Thursday, October 26, 2017

The Elusive Truth about the Still Amazing 401(k)

Republican proposals to limit pre-tax contributions to employer sponsored 401(k) plans have been short on detail so far and, due in part to the complexity of tax rules, long on misunderstanding.

The annual limit on tax-advantaged contributions to an employer sponsored plan 401(k) (assuming you are under age 50) is $18,000 in 2017. This limit is unlikely to go down as a result of the Republican tax proposal, despite what you may read about a drop to $2,400.

That's because the $18,000 is comprised of two types of contributions - regular pre-tax 401(k) contributions and so-called "Roth" after-tax contributions to a 401(k) plan. Under current law, you decide how much of the $18,000 limit you contribute to regular pre-tax 401(k) and how much you contribute to a Roth 401(k). Many employers have not made the Roth after-tax feature available to their employees, so many people, even financial writers seem to be unaware of it.

The author of this Washington Post article seems to be unaware of the distinction, not even mentioning Roth.

Don't confuse the "Roth" 401(k) that an employer sponsors with the "Roth" IRA that has been around a lot longer. You set up your own Roth IRA, not your employer and the dollar limit on contributions to a Roth IRA is only $5,500.

So, back to the tax proposal - it's really just a matter of Uncle Sam saying "Pay me now or pay me later."

There are important differences, which we's get to, but some people will be better off with the change.

If your tax rate when you retire is the same as the tax rate in the year that you saved, then there is no difference between the pre-tax 401(k) and a Roth 401(k).

For example, suppose I want to set aside $1,000 today in a pre-tax 401(k) account that earns interest for 15 years at 6% per year and my tax rate is 20%. My $1,000 account would grow to $2,400. After paying taxes of $480,  I would have $1,920 left to spend after withdrawal.

Now suppose instead that instead of putting all of that $1,000 in a regular pre-tax 401(k), I pay taxes at 20% today on that $1,000 which leaves me with $800 after taxes to put in a Roth. What happens? You guessed it - the $800 in the Roth account grows at the same 6% per year to $1,920 which is tax free.

For a lot of people, the Republican tax proposal has no impact on retirement saving!

But the real story is more complicated.

If you expect your tax rates to be lower in retirement, then you are better off in the pre-tax 401(k), not the Roth. If tax rates increase for everybody due to future tax law changes, then now is a good time to save more in the Roth.

And there is one more impact no one seems to talk about. Those who are financially well off and  looking for an upper hand on taxes are better off with the Roth. Why? Suppose a wealthy individual is in a 35% tax bracket both  this year and in retirement and saves $18,000 in a pretax 401(k) account that grows to $100,000 at retirement, is withdrawn and taxed at 35%, leaving $65,000 in spending money.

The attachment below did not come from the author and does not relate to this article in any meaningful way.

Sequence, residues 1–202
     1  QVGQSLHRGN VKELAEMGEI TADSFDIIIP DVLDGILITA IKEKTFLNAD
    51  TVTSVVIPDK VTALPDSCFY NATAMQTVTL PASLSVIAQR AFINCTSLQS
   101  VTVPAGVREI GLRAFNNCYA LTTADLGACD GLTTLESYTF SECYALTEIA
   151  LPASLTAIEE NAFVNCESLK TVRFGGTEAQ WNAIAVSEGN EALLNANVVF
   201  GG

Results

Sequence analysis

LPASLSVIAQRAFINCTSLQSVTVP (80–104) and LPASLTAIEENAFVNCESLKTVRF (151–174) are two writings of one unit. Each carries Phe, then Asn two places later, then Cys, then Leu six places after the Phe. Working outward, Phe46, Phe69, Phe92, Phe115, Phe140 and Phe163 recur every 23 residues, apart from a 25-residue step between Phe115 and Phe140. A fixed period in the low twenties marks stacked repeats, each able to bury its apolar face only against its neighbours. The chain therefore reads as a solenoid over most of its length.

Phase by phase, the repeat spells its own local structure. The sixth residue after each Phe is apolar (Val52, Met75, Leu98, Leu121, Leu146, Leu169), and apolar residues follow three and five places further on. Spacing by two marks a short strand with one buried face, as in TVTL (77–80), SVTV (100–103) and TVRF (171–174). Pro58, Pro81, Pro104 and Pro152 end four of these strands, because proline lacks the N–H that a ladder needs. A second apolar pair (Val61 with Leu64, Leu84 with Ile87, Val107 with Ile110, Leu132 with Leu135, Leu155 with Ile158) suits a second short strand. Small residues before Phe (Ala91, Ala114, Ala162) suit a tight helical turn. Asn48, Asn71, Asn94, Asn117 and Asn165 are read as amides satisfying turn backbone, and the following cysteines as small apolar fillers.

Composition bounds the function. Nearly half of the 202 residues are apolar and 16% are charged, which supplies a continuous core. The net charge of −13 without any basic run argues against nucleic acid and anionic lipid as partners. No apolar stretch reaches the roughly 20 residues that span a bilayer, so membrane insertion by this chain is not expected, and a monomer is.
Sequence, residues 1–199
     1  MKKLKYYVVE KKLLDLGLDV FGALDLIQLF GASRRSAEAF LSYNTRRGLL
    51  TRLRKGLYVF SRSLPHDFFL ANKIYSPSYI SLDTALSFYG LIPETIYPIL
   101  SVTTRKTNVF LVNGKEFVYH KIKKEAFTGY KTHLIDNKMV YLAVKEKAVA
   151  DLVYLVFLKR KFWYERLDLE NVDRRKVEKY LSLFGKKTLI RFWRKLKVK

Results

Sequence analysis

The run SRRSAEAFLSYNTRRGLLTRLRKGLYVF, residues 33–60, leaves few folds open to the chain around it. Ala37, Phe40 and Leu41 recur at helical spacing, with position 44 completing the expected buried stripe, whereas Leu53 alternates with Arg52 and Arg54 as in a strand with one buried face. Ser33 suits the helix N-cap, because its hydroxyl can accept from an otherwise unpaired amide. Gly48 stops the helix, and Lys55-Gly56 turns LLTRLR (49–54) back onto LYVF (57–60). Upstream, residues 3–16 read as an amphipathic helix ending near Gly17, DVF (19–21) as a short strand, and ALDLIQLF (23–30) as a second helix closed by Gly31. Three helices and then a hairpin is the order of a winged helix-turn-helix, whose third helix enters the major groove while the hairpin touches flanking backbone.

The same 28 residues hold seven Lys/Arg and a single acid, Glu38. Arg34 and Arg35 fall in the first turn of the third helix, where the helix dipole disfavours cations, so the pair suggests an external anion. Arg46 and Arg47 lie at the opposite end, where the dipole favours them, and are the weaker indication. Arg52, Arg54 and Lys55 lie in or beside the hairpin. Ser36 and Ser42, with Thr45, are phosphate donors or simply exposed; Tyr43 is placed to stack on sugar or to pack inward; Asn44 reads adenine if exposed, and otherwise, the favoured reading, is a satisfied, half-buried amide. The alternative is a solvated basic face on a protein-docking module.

That same person could set aside $27,700 of salary today by paying taxes of $9,700 (35% of $27,700) and put the remaining $18,000 in a Roth 401(k) that grows to $100,000 at retirement in the same year as the previous example - but pay no taxes on the $100,000!

So, for anyone who is hitting the tax law limits on saving, changing to a Roth contribution has the same impact as increasing the tax law limits.

None of this highly technical analysis touches on the real life impact that could discourage saving by lower paid workers if this $2,400 limit is made law. But that story is more complicated than it sounds. Most 401(k) plans have automatic enrollment features these days. Low paid employees contributing by automatic enrollment to a 401(k) are not likely to change their minds and take action to stop making Roth contributions. And they might even end up contributing more effectively for retirement if they have saved the same dollar amount after tax that they would have pre-tax, but their Roth account is not taxed when it is withdrawn at retirement.

That's the story from the worker's perspective. If you are well off, this change is not necessarily bad. If you are low paid, it's probably not bad because automatic enrollment will keep you saving for retirement. But from the perspective of the country, this proposal increases tax revenues today by removing future sources of  tax revenue.  This is yet another Republican tax policy slight of hand - eliminate the estate tax and reduce corporate taxes, offset those tax revenue reductions with a measure that increases current tax receipts, but blow up the deficit in the future. Let's forget about tomorrow cuz tomorrow never comes.

Ironically, DJT may have been told something about the 401(k) proposal that prompted the Oct. 23 tweet
"There will be NO change to your 401(k). This has always been a great and popular middle class tax break that works, and it stays!"

As tweets go, that may not be far off the mark. But we will never know, will we?

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